• To compete with Apple, Windows has confirmed the introduction of a Windows Store, similar to Mac App Store, which allows users to browse through Windows applications, while developers can publish their Metro-style apps on Windows 8 devices.
  • Few days back, Microsoft gave a strategic view of its app store, and gave a quick demo on how it works. Microsoft revealed that the Windows App Store will be the only place where users can access the Metro-styled apps. Here’s a quick demo that shows how users will be able to buy their apps:
  • Windows 8 User Interface
  • Speaking about the UI, Windows 8 certainly has got a mind blowing interactive UI, which has been extensively redesigned to a “Metro-style” design, which shows the most important information to you, embodies simplicity, and gives you full control over it. The UI is designed to provide a fluid and intuitive interaction and navigation with touch, or a mouse and keyboard.
  • Julie Larson-Green, Corporate Vice President, Windows who stated: “Everything that’s great about Windows 7, is better in Windows 8,” gave a quick hands on look at the Windows 8 user-interface. Here are some of the screenshots she released:
  • Windows Logon Screen – Unlike the traditional way of entering a password to unlock the screen, Windows 8 can be unlocked by just tapping on the right areas of the screen.
  • Windows 8 Start Screen – The Start screen is yet another impressive UI. The screen basically groups all your applications together, which you can easily drag and drop, or add new things.
  • Improved Windows Defender
  • The Windows Defender which was first released with Windows Vista is getting a security upgrade with the upcoming Windows 8. This would probably edge-our third-party antivirus and anti-malware programs. Windows Defender will become a full-fledged anti-malware solution for Windows 8. This will include protection against all types of malware such as virus, worms, trojans and rootkits.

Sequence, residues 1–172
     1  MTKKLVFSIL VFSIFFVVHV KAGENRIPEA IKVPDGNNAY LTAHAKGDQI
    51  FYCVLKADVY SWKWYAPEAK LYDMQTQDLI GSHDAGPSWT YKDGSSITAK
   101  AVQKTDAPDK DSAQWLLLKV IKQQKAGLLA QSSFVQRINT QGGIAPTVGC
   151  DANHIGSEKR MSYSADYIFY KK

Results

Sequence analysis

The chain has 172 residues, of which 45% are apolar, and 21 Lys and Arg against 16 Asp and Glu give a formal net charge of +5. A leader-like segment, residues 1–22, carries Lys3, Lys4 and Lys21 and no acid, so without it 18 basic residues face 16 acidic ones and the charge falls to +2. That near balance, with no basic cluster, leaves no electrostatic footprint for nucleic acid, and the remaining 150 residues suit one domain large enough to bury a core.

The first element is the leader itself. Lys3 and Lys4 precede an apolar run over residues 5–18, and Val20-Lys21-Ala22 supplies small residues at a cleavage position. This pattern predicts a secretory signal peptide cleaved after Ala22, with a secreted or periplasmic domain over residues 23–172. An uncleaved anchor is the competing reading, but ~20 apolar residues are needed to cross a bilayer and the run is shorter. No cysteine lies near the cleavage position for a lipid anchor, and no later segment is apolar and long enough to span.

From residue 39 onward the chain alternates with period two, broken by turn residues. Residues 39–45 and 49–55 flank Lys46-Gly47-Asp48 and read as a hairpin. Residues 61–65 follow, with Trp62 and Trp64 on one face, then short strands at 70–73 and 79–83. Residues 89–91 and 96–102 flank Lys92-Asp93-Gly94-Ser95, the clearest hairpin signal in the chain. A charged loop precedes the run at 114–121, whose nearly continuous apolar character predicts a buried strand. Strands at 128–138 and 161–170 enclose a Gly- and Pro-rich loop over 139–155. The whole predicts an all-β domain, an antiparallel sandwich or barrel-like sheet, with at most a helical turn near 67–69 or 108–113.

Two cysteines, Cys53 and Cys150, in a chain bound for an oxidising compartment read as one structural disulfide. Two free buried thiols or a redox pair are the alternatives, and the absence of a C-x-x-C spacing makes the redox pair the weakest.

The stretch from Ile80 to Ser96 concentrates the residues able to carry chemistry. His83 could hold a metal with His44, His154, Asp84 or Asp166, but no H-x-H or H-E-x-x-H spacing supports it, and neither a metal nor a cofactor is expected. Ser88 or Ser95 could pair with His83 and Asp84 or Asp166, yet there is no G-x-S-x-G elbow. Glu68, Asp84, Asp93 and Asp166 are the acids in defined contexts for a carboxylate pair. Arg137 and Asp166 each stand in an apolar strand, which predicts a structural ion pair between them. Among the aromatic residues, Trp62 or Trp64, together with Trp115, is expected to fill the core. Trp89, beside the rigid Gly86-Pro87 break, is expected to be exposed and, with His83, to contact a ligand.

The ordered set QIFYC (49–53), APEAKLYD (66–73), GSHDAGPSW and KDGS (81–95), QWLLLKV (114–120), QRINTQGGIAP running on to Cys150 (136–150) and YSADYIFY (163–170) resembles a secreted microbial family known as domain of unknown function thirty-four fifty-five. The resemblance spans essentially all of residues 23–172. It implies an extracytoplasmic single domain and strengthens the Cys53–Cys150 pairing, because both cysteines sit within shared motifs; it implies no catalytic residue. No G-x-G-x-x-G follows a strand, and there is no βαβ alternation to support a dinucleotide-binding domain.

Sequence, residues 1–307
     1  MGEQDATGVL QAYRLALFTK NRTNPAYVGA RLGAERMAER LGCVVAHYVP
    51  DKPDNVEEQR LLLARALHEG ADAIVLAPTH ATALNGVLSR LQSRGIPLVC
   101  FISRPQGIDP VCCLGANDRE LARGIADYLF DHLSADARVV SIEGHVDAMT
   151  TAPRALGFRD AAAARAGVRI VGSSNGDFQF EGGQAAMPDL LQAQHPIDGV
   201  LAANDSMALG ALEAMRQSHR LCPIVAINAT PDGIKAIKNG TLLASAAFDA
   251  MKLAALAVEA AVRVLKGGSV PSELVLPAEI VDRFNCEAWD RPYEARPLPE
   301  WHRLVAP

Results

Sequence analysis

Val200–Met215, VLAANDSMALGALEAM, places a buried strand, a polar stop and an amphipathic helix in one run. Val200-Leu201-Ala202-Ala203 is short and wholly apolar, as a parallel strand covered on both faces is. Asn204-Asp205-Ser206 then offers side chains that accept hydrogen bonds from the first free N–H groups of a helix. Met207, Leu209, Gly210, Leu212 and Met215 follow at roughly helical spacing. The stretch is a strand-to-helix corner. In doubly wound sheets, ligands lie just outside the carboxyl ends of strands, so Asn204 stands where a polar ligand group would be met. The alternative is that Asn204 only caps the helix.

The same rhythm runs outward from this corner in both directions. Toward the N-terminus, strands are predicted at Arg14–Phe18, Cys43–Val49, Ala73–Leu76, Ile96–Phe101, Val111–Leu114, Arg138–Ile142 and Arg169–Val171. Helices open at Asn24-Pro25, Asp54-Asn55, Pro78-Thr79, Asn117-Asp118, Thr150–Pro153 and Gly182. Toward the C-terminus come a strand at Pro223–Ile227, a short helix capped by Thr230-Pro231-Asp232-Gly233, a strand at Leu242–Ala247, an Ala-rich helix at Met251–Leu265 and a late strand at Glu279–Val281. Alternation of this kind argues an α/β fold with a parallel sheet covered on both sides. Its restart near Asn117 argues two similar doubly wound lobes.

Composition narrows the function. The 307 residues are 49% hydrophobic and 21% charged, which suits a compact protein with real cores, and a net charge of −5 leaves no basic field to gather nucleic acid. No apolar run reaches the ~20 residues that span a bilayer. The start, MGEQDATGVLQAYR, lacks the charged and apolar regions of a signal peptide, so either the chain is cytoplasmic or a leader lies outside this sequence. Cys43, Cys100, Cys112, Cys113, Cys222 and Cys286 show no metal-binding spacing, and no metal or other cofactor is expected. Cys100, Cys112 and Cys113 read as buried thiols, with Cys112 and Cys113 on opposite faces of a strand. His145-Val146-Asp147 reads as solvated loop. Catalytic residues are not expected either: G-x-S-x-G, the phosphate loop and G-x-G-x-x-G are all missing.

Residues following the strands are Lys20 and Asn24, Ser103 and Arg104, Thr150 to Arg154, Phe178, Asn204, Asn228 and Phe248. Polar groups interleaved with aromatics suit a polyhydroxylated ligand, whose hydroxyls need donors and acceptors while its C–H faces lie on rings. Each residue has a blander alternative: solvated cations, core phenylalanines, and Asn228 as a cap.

• In addition to that, Windows Defender will provide real-time detection and protection from malware threats using a file system filter, and will interface with Windows secured boot, which is another security feature.
  • Internet Explorer 10
  • The developer preview of Windows 8 comes with a Metro version of Internet Explore (IE) 10. Since it is a preview version, it does not support any browser plugins and extension – including Adobe Flash and Microsoft Silverlight. However, it will feature full screen browsing mode by default, implements several new HTML5 capabilities, turbocharges HTML5 performance, and adds some security options for Web applications.

System Requirements

  • The Windows 8 works great on the same hardware that powers Windows Vista and Windows 7
  • 1 gigahertz (GHz) or faster 64-bit (x64) processor
  • 1 gigabyte (GB) RAM 2 GB RAM (64-bit)
  • 16 GB available hard disk space 20 GB (64-bit)
  • DirectX 9 graphics device with WDDM 1.0 or higher driver
  • Taking advantage of touch input requires a screen that supports multi-touch
  • To run Metro style Apps, you need a screen resolution of 1024 X 768 or greater